The American College of Cardiology/American Heart Association (ACC/AHA) cholesterol guidelines,1 released in the fall of 2013, provide new recommendations for statin therapy. The pooled cohort equations on which these are based now include stroke in the combined end point of atherosclerotic cardiovascular disease (ASCVD) rather than coronary heart disease only. This is particularly important for women, in whom rates of stroke can be as high as those for myocardial infarction (MI).2 The risk equations were developed in a pooled sample of data from 5 cohorts of individuals followed over at least a decade and tested in 3 external validation cohorts.

Concerns have been raised, however, including concern about how well the new prediction model works in data sets that are more contemporary than those used to derive the equations.3 In all 3 validation cohorts used by guideline developers, the models overestimated risk1; discrimination (the ability to separate cases from noncases) was lower, and calibration (the agreement between predicted risk and actual observed risk) was poor. In both the Reasons for Geographic and Racial Differences in Stroke (REGARDS) study and in the Multi-Ethnic Study of Atherosclerosis (MESA), external cohorts that were not used in model development, the estimated risk of ASCVD using the new pooled cohort equations was too high. The same overestimation occurred using more contemporary data from the derivation cohorts, including the Framingham and Atherosclerosis Risk in Communities (ARIC) studies, and was consistent in men and women and among blacks and whites. Calibration was also poor in 4 additional external cohorts.3,4 Further analyses in REGARDS5 improved calibration, although risk remained overestimated overall, with better fit in a subset with additional case finding through Medicare records. Because new guidelines for statin therapy are based on these equations, overestimation of risk will have strong clinical implications and could lead to overprescription of medication as well as inaccurate data on risks and benefits.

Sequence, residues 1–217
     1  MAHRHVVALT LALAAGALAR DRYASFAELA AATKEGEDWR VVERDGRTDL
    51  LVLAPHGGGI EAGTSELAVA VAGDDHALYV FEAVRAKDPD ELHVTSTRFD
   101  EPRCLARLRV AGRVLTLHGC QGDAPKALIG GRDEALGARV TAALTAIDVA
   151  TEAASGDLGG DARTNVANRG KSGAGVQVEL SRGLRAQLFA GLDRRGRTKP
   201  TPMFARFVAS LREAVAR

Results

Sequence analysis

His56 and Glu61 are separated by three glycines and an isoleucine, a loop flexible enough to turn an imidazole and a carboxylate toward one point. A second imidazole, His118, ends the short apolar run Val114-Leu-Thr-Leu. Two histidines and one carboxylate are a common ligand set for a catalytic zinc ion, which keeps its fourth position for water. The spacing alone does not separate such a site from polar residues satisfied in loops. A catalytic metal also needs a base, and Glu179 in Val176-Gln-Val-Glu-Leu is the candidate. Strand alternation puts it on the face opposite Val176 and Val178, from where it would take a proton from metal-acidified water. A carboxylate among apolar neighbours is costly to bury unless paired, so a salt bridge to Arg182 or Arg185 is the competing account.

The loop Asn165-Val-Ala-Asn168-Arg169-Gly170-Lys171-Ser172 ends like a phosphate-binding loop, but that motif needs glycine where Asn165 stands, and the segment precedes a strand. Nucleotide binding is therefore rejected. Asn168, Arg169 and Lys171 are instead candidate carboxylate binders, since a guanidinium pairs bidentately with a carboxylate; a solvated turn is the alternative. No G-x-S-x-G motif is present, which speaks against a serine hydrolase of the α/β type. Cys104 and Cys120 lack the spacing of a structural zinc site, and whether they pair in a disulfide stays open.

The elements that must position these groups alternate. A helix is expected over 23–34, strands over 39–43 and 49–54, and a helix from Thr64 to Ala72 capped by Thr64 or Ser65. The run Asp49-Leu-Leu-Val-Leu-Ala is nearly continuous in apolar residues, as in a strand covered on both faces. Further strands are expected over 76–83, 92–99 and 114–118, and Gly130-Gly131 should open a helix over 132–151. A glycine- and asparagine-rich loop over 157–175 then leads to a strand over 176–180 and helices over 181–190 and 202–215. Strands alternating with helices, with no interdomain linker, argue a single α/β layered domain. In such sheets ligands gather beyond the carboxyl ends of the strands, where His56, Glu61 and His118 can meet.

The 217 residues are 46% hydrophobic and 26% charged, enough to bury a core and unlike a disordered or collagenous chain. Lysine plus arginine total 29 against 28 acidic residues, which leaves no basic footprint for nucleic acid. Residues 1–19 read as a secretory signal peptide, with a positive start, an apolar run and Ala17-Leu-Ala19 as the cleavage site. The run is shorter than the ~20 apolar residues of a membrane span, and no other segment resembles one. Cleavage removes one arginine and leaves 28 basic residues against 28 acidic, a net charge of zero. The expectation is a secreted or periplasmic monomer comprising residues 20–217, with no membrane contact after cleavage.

Potential explanations for this discrepancy between observed rates and those predicted from the pooled cohort equations include an increase in statin use over time, an increase in revascularization procedures, and failure to fully ascertain clinical events during follow-up.68 Herein, we explore these possibilities in the Women’s Health Study (WHS), a cohort of initially healthy American women. While this analysis directly relates to the cardiovascular disease (CVD) risk equations, similar concerns regarding changing incidence rates over time, including increasing use of medications, may apply to other risk prediction tools.

Study Design

The WHS comprises a nationwide cohort of 39 876 US women 45 years or older and free of cardiovascular disease, cancer, or other major illness at study entry (from September 1992 through May 1995).9 The WHS was a randomized factorial trial of aspirin and vitamin E, and final results have been published.9,10 Neither intervention had a significant impact on major cardiovascular events, including MI, stroke, or death due to cardiovascular cause. Self-reported exposure data were collected on age, race/ethnicity, diabetes mellitus (DM), blood pressure, blood pressure treatment, smoking status, and cholesterol-lowering medication. All study participants provided written informed consent. The study protocol was approved by the institutional review board of Brigham and Women’s Hospital (Boston, Massachusetts).